Theoretical and Applied Climatology

, Volume 111, Issue 3–4, pp 623–639 | Cite as

Climatology of precipitation extremes in Estonia using the method of moving precipitation totals

  • Tiina Tammets
  • Jaak JaagusEmail author
Original Paper


A method of moving precipitation totals is described and applied for the analysis of precipitation extremes in Estonia. Numbers of extremely wet and extremely dry days and other indices of precipitation extremes were calculated using the daily precipitation data measured at 51 stations over Estonia during 1957–2009. Mean regularities of spatial and seasonal distribution were determined. Long-term changes were detected using Sen's method and Mann–Kendall test. The highest risk of heavy precipitation is in the regions of higher mean precipitation on the uplands and on the belt of higher precipitation in the western part of continental Estonia. Wet spells have their sharp maxima in July and August. The highest risk of droughts is observed in the coastal regions of West Estonia. In the coastal area, droughts appear mostly in the first half of summer, while in the eastern Estonia, they are usually observed during the second half of summer. Extreme precipitation events have become more frequent and intense. Statistically significant increasing trends were, first of all, found in the time series of winter extreme precipitation indices. In summer and autumn, trends existed in some indices, but in spring, there were no trends at all. There were no trends in time series of dryness indices in Estonia in 1957–2009.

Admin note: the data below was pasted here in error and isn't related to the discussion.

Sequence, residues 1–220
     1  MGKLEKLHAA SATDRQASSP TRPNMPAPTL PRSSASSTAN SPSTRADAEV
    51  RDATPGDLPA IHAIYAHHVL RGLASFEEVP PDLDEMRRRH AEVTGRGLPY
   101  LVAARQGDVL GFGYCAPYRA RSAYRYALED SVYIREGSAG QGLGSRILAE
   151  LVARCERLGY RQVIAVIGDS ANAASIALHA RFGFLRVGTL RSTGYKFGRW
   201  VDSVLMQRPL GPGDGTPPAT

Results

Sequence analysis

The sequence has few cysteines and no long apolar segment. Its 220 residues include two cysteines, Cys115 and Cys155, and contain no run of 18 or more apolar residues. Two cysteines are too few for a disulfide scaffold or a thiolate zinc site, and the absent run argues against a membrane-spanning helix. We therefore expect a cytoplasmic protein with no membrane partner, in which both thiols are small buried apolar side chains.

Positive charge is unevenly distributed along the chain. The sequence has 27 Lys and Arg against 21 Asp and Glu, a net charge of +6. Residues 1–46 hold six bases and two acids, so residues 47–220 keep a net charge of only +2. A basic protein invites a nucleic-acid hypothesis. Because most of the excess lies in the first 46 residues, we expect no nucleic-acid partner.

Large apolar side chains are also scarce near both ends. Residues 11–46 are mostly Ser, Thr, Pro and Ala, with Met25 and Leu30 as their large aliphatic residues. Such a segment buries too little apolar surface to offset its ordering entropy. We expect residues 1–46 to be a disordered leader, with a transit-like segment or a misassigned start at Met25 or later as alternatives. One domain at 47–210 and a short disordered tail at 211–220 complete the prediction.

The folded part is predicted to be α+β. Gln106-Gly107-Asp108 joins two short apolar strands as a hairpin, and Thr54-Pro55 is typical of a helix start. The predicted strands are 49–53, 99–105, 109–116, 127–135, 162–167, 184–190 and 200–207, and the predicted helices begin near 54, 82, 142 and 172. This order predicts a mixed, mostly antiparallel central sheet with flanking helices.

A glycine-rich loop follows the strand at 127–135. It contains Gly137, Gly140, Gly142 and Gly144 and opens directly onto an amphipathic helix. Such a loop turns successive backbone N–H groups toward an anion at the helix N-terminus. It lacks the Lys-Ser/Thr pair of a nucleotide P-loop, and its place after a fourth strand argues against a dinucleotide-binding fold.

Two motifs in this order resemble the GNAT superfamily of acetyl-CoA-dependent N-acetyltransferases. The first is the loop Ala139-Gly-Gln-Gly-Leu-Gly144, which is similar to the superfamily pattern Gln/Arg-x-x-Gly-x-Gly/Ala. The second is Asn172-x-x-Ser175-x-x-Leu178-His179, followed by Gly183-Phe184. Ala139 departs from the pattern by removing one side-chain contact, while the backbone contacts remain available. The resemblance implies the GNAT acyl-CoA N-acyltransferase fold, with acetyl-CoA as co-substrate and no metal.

Precipitation Amount Precipitation Extreme Heavy Precipitation Absolute Maximum Heavy Rainfall Event 
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This study has been supported by the grant no. 7510 of the Estonian Science Foundation and by the target financed project SF0180049s09 of the Ministry of Education and Science of the Republic of Estonia. The authors thank their colleagues Raivo Aunap and Andres Luhamaa for the assistance in preparing the cartographic images.


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Copyright information

© Springer-Verlag 2012

Authors and Affiliations

  1. 1.Estonian Meteorological and Hydrological InstituteTallinnEstonia
  2. 2.Department of Geography, Institute of Ecology and Earth SciencesUniversity of TartuTartuEstonia

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